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New to Hemp? Beware Bad Actors When Securing Seed

There's real potential profit in hemp grown for fiber, grain or CBD oil—but there are some serious potential pitfalls, too, starting with your seed supply.

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by Susan BrackneyJanuary 28, 2021
PHOTO: Don Robison/Office of the Indiana State Chemist

As more states green-light industrial hemp, increasing numbers of wannabe growers are breaking ground. Unfortunately, some predatory vendors are taking advantage of those seeking hemp seed. “It’s a new industry,” explains Don Robison, Seed Administrator for the Office of the Indiana State Chemist. “In any new industry, you’re going to get fraud coming in.”

Across the country, some unlucky customers have paid for seed—only to get nothing in return. Still others may think they’re growing a low-THC hemp product—only to discover that they’ve got a (not-so-legal) field full of medical-grade pot on their hands. That recently happened to one Indiana hemp grower.

“The buyer thought he was buying and growing hemp, but instead he grew a crop with 17 percent THC,” Robison noted via a recent Midwest Hemp Council news release.

Indiana state police were called and the crop had to be destroyed. Meanwhile, the farmer lost the cost of the seed and potential crop profits.

Worse yet? “The person who bought that seed asked all the right questions,” Robison recalls. “They did ask what the THC level was of that variety. They did ask specifically, ‘Is this a variety that is low-THC and can legally be called hemp or is it a marijuana variety?’”

Trust But Verify

Besides questioning prospective vendors about their seed varieties and the associated THC-content of those varieties, request references. “Ask the seed supplier, ‘Can you give me the names of five people who have bought your seed before, so that I can call them?’” Robison suggests.

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You should also check with your state seed regulatory official to determine whether a prospective vendor is properly credentialed. For instance, to be permitted in the state of Indiana, Robison says hemp seed sellers must have their seed tested for percent purity, percent noxious weeds and percent THC, as well as the seed’s germination rate.

The product must be labeled in a specific way, too.

You can consult the American Association of Seed Control Officials online directory to find contact details for your state agency. “The membership directory lists all of the states,” Robison says.

He adds, “Most seed control officials would prefer an email rather than a phone call, so that they can be more thorough in answering.” Corresponding in writing with both regulatory officials and seed vendors also can further protect you in the event that there is a problem with your hemp crop.


Read more: Raise farm profits without the high by growing industrial hemp.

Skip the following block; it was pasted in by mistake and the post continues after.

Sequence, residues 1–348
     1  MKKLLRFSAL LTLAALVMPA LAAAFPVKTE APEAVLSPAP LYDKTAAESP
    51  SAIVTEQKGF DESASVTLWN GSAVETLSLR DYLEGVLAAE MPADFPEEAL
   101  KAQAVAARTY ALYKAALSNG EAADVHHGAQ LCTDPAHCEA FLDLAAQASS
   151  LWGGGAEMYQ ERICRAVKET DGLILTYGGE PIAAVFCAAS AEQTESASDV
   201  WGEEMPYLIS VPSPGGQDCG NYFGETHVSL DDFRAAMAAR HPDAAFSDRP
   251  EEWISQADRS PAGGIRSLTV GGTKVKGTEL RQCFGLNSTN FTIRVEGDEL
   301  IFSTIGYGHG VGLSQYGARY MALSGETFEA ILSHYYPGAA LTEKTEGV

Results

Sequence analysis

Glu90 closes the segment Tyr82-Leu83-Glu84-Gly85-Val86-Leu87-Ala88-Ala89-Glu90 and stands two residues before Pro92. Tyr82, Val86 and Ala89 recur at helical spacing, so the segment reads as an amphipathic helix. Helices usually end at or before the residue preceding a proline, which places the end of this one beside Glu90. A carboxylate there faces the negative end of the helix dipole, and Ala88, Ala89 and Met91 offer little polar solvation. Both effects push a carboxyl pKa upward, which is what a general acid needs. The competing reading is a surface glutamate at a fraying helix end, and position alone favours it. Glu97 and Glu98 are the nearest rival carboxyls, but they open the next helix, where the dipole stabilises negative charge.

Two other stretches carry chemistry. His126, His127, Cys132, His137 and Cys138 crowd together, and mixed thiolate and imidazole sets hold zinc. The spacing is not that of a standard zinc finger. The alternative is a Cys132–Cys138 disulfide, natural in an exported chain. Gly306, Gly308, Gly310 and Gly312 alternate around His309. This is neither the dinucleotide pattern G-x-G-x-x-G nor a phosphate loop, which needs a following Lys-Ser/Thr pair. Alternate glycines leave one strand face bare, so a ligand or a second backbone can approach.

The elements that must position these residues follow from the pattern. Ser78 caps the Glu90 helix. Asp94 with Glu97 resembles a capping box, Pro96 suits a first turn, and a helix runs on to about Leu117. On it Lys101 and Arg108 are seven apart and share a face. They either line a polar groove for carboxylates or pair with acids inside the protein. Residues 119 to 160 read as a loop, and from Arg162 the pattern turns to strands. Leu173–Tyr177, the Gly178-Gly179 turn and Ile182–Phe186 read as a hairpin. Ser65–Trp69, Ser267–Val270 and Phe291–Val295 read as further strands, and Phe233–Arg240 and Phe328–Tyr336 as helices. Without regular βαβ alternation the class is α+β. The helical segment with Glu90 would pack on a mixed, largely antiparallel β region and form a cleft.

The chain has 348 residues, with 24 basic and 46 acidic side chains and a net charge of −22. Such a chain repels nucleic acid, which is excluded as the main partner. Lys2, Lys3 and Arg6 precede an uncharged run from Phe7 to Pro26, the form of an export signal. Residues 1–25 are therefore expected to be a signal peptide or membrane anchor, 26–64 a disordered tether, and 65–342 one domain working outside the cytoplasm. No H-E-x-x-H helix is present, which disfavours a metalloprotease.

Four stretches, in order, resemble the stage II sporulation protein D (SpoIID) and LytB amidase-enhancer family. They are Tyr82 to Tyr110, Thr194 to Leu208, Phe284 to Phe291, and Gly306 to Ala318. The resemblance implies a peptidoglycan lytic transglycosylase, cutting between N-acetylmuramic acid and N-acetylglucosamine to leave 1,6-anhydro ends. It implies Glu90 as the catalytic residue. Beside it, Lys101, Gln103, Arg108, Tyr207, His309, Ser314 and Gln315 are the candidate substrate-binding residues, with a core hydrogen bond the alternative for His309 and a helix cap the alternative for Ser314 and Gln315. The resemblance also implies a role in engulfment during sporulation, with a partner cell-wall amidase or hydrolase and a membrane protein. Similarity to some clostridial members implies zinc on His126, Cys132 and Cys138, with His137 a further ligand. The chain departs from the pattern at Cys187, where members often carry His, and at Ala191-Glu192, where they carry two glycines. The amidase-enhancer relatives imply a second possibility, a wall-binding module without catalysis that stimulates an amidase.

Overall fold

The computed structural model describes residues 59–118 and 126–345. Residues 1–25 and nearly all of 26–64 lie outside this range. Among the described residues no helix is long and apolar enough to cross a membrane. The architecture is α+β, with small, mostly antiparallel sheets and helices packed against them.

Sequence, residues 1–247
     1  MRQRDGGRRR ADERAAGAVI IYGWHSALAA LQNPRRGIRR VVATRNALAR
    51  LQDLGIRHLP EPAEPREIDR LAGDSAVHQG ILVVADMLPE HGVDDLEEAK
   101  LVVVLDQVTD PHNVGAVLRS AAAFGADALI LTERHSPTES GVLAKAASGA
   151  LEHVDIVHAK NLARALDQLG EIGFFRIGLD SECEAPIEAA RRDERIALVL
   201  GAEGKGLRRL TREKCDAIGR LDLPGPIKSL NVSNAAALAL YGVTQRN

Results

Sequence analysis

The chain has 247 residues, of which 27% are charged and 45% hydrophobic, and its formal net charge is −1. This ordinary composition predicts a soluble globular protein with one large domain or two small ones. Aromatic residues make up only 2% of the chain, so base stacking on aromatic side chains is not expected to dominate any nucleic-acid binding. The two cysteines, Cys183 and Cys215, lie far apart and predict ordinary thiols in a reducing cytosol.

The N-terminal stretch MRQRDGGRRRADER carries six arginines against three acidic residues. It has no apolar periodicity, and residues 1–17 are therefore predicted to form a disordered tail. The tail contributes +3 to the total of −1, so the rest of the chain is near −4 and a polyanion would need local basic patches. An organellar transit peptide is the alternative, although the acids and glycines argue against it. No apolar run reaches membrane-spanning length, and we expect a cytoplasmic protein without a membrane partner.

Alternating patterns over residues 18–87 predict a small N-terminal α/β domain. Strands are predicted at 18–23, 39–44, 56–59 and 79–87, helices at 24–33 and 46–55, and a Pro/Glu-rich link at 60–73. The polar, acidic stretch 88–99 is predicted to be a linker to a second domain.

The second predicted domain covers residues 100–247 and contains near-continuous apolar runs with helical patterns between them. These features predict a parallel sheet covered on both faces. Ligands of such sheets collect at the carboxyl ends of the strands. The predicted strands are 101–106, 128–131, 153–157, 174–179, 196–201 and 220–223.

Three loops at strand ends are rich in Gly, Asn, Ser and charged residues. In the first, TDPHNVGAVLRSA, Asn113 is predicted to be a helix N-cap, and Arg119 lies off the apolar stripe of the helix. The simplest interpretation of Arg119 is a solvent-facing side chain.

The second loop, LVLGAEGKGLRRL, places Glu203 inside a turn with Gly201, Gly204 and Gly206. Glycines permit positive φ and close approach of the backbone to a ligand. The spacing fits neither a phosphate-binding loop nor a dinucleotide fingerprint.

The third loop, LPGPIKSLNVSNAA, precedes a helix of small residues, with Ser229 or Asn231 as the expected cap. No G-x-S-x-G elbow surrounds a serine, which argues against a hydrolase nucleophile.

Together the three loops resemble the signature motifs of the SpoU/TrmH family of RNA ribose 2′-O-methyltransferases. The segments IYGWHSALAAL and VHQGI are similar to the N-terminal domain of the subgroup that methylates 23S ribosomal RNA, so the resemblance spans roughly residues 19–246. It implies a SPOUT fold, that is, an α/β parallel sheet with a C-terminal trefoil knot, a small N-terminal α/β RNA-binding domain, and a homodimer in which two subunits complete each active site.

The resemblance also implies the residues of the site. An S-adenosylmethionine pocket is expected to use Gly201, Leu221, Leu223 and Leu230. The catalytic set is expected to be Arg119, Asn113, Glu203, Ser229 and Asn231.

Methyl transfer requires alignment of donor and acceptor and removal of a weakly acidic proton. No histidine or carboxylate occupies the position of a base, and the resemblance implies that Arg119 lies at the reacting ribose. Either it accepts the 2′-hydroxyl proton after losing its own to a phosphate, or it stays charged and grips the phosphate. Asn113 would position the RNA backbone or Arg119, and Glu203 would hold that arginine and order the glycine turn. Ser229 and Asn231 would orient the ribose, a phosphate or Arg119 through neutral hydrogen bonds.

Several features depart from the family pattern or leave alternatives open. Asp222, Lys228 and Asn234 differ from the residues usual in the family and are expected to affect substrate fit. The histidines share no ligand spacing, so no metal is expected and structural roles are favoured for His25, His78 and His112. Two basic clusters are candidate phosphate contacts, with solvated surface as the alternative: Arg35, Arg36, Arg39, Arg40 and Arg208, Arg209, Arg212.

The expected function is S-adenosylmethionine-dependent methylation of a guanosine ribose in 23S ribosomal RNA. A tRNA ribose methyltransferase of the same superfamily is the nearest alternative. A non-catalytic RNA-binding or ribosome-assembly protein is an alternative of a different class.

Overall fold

Buy Certified

When possible, you might also choose Certified seed. Certified seed purveyors adhere to strict standards and are subject to inspections by a member of the Association of Official Seed Certifying Agencies.

Certified vendors must isolate their hemp crops from other hemp crops which may be growing nearby. They also must document and verify information on seed source, purity, weed content and more.

“If you’re going to grow [hemp] for CBD (cannabidiol oil), there are very few Certified varieties in the country—in Canada or in the U.S.,” Robison admits. “That’s because the genetics and the breeding programs aren’t far enough along yet.”

However, if you want to grow hemp for fiber or grain, you have more Certified seed options. “Canada is way ahead of us on that, because they have had legal hemp for, I think, about a dozen years,” Robison says. As such, you might look to Canada for Certified seed for hemp fiber or grain production.

hemp seeds seed
Don Robison/Office of the Indiana State Chemist

Crop Insurance?

If you’re in a state that legalized industrial hemp-growing at least five years ago, you may be able to purchase crop insurance for your hemp. Still, Robison cautions, “It is not as well-established as crop insurance is for corn, beans or wheat. It’s just not there yet.”

Insurers need some historical data on industrial hemp crop performance and price in your region. If farming hemp is too new where you are, insurers won’t have access to the long-term data they’d normally use to help establish crop failure payout amounts.

Even if you can get hemp crop insurance, Robison says, “Payment is not available if the THC level goes too high—if [a hemp crop] becomes marijuana, it’s not eligible.”

Back to Basics

One of the best ways to protect yourself? If you grow other crops, think back to what you knew—and didn’t know—in the beginning.

“You had to ask a lot of questions,” Robison says. “What equipment were you going to buy? Was a certain fertility treatment organic or not? Think in the same terms with hemp. Start completely over—and verify everything!”

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